Thursday, March 17, 2011
Paris, je t'aime beacoup!
In preparation for my trip to Paris, I purchased a copy of this book. It was absolutely adorable. The pictures, advice, and suggestions were very helpful to me! The best thing about this book is the artist's perspective. I really enjoy sketching while I am traveling especially during my last trip to Europe during August of '09. I sketched a little here and there, but with a couple of art classes under my belt, I've really flourished in my style and confidence.
These are supplies that I picked up at Le Bon Marche - very close to the metro stop and very, very fancy and high end. It was really fun exploring the supplies, paper, and journals. It was hard not to pick up a bunch of things, but since I was trying to be mobile and cost-effective, I just settled on some basics.
On my first night in Paris, I braved the cool, cool windy weather and walked along the Seine to the Musee D'Orsay. This area is very arty because the Ecole des Beaux Arts and various art galleries are nearby, too. Luckily, the museum happened to be open late on Thursday evening. The museum has a lot of more recent artwork from mid 1800s to early 1900s. But, there were a couple of statues that caught my eye. The first one was the one of Jean d'Arc which I sketched. And, the other one was Degas' "Small Dancer Aged 14" which I really took a liking to. I enjoy Degas unfinished style in his ballerina paintings, and I think I can relate to the quickly and fast sketch style that he has.
On a Saturday morning, I went to Centre Pompidu and explored the Le Marais neighborhood. Again another cold and sunny day in Paris and as I shivered I decided to capture the crazy and whimsical statues in the nearby Stravinsky Fountain. It was a nice contrast to the classical statues I was looking at in the M'Orsay and even when I was in Florence and we were examining Michelangelo's David. The fountain was inspired by Stravinksy's song "Rite of Spring." It gave me fond memories of listening to that piece when I was a teenager. I also loved the "Firebird Suite" by the same composer and ended up doing a painting in college inspired by the song. So, I found it rather funny that there is real and respected public art in the world that is inspired by musicians.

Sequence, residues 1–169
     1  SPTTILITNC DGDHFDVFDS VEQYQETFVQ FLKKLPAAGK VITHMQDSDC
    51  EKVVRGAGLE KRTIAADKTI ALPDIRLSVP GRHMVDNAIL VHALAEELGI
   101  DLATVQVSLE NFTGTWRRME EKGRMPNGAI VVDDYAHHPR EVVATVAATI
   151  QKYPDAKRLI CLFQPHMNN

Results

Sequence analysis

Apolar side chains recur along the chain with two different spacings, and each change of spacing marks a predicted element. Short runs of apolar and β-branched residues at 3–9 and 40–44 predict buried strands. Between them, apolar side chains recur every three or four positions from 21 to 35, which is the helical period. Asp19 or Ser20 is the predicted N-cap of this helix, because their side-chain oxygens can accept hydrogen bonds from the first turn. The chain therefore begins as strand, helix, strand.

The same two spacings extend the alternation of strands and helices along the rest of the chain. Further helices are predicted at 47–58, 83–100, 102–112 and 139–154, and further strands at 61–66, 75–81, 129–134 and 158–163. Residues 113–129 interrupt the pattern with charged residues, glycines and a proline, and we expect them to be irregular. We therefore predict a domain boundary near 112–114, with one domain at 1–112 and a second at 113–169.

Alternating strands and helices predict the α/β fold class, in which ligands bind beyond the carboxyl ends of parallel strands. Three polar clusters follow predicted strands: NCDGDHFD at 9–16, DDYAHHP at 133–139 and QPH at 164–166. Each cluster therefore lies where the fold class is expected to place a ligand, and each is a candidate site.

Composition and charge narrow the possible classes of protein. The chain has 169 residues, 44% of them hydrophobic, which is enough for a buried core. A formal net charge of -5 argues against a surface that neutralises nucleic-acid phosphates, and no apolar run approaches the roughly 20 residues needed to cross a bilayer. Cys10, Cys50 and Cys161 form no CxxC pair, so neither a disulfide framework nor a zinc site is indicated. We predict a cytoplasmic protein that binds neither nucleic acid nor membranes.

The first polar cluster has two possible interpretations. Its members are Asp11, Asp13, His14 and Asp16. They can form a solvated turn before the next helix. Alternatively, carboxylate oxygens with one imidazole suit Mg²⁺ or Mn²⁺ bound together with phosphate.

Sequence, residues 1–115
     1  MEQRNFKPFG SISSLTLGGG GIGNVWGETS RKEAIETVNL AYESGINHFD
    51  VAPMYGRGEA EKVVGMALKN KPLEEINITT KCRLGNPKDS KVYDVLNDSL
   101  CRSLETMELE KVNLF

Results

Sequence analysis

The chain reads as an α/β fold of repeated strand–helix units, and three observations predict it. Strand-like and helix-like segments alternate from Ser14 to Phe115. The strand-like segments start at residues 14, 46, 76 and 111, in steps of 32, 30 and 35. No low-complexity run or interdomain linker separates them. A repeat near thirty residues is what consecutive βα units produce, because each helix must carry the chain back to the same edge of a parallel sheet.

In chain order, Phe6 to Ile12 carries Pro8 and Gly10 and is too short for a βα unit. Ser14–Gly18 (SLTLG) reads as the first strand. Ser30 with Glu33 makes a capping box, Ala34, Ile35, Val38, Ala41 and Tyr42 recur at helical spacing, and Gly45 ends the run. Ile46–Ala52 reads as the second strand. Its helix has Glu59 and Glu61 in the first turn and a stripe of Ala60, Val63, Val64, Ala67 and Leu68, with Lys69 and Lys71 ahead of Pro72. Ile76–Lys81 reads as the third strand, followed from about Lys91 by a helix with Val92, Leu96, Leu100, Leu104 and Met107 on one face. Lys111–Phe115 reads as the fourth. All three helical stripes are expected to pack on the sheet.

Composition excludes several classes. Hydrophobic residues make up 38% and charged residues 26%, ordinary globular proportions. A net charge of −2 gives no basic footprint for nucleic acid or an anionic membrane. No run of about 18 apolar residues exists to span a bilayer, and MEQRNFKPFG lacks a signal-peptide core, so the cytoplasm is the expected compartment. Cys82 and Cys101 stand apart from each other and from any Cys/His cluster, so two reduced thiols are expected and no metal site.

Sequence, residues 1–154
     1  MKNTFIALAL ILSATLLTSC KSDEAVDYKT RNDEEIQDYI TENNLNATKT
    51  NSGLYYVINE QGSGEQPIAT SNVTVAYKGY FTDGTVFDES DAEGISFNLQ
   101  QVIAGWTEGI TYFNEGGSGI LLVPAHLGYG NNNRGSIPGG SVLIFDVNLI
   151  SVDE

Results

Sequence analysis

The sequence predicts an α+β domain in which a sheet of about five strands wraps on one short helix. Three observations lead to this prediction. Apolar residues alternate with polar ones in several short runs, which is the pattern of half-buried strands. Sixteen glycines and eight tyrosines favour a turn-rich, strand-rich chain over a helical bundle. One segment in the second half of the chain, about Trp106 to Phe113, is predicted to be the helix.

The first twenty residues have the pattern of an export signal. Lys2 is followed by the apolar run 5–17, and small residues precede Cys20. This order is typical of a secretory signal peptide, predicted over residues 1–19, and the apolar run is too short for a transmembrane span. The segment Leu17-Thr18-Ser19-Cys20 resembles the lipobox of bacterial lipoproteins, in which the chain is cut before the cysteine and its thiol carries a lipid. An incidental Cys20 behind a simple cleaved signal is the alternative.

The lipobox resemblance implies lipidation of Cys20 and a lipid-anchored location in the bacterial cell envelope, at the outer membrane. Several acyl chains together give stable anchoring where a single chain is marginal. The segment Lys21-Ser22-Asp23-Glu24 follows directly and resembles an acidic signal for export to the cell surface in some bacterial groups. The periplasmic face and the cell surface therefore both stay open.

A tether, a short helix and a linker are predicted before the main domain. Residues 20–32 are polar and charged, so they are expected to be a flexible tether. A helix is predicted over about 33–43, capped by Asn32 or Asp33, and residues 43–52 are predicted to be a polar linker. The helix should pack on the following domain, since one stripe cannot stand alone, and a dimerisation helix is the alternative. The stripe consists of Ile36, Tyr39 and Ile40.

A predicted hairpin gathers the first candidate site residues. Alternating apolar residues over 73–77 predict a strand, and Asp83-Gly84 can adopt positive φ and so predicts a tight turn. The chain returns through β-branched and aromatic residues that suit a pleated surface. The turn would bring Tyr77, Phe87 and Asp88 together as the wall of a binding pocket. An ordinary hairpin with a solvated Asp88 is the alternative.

After walking through the plaza, I went to the top, top, top floor of Centre Pompidou and caught an amazing view of the city. I could see everything up top: Sacre Cour on top of Montmartre, the Eiffel Tower, the typical Parisian rooftops, and the spires of Notre Dame. It was so beautiful.
I really enjoyed the sculptures in Centre Pompidou. It was nice to practice sketching forms and shading. I made an attempt to draw "Deux Negresse" and a woman lounging. (I'm not really sure if Matisse did the lounging woman because it could have been Picasso. I forgot to make note.)
So those are a few special pieces that I thought I'd share on artfullyluxe. I hope you enjoyed reading about my creative adventure. I have a few more that I'd like to share. So, be on the lookout for part deux sooon!